Donkey Kong Country 2 earned rave reviews across the board, and on this occasion the reviewers are correct. Good sequels don’t repeat what the first ones did. They examine what the first one did, fill in the gaps, making improvements where needed while leaving what isn’t broken alone.

In Donkey Kong Country 2, Kaptain K. Rool has kidnapped Donkey Kong, locking him away in a castle at the top of Crocodile Isle. Your long climb up Crocodile Isle takes you through a variety of levels and locales. The first Donkey Kong Country had pirate ships and snow levels; Donkey Kong Country 2 ditches the snow levels for swamps, beehives and bramble.

With the success of the first game and Nintendo’s backing, Rare felt free to experiment. Donkey Kong Country 2 takes chances, not just in level design but in extras and sidequests. The bonus levels, a much-hyped feature that Gamepro swore would take players 80 hours to complete makes a return here. The difference is that in Donkey Kong Country 2 they mean something. Completing a bonus level nets you a Kremcoin. 15 Kremcoins gives you access to a Lost World level while all 75 lets you in the Lost World’s volcano, where the final boss, Kaptain K. Rool, is pissed and ready for a rematch.

Donkey Kong Country 2 also introduces DK Coins. They are hidden in the regular levels and are prizes for finishing bonus levels in the Lost World. Just as there is an incentive for collecting Kremcoins, your reward for collecting every DK Coin is the coveted 102% completion…and Cranky Kong’s approval as Diddy stands in 1st place in the video game hall of heroes, ahead of Link and Mario.

Diddy returns, this time as the hero. His partner is a female Kong named Dixie, prompting many an under the radar joke in mid-nineties gaming mags, Diddy has the same abilities as the last game while Dixie can use her ponytail to helicopter across pits and dangerous enemies. Together, the two monkeys can throw one another to access out-of-the-way areas, bonus levels and DK coins. Both of them are fairly weak, unable to destroy larger enemies.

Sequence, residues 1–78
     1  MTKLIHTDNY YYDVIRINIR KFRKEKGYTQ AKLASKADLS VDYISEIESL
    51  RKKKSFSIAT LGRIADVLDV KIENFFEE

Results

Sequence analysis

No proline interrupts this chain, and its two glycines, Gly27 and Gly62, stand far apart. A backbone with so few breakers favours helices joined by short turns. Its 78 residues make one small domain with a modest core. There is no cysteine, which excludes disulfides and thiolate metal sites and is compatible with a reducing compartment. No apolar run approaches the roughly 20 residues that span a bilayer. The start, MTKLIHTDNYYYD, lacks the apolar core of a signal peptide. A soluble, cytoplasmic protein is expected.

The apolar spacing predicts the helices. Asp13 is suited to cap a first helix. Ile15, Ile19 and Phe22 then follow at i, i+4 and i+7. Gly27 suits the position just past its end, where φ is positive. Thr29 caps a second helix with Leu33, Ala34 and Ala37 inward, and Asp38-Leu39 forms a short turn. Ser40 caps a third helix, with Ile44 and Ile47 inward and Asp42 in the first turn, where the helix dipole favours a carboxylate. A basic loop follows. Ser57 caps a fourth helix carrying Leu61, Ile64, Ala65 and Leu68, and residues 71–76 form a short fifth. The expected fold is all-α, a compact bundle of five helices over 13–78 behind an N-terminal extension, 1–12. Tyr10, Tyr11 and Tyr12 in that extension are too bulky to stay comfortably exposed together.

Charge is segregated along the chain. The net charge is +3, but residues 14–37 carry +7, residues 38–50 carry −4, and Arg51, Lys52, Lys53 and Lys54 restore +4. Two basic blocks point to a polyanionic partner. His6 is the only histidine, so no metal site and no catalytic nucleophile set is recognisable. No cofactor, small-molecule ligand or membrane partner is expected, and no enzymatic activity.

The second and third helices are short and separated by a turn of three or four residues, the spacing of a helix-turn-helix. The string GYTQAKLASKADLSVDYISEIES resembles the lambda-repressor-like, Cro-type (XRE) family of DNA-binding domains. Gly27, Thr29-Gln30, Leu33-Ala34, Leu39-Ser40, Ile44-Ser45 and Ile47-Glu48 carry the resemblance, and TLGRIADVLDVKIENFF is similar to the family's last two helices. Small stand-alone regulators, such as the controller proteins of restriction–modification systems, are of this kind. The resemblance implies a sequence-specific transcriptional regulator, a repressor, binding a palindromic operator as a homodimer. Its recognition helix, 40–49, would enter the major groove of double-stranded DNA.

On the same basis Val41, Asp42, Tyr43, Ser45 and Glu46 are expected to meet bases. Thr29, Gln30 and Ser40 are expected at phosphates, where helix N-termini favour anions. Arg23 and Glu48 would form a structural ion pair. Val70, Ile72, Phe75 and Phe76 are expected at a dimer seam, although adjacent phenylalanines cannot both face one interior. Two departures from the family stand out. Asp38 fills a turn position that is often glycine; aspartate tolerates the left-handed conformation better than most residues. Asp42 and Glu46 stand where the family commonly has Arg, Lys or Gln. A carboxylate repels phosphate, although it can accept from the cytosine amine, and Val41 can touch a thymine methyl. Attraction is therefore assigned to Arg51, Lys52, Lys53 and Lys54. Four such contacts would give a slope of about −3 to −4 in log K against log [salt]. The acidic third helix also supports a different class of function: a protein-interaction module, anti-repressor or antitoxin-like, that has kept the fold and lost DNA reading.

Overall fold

The soundtrack is as imaginative as the levels. Each track complements the level, where it’s the Hothead Bop for the lava levels, the Bayou Boogie as you jump from tadpole to tadpole or Stickerbrush Symphony for the bramble levels. In the final Lost World level, you transform into Squawks the parrot, fighting against the wind. Stickerbrush Symphony roars in the background, sweeping you from your real life concerns into the life-or-death world of platform gaming.

1995 in video games. Changes we haven’t seen the likes of since. Think about it: Donkey Kong Country 2 came out the same year the 32-bit PlayStation and Saturn with the Nintendo 64 on the horizon. The last time “next-gen” meant a real change.

Rare understood this, and they could have made Donkey Kong Country 1.5 and called it a day. They didn’t. They pushed themselves, and their hard work and good timing made Christmas 1995 the best, enriching the lives of millions lucky enough to be kids in the heyday of 16-bit gaming.


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Siblings Day & Best Friends Day

It bothers me that more and more people are posting about Siblings and Best Friends Day on social media. Seems like a small thing, but that’s how it starts: a few posts, some messages and one day you’re an asshole because you didn’t send a card and buy a gift.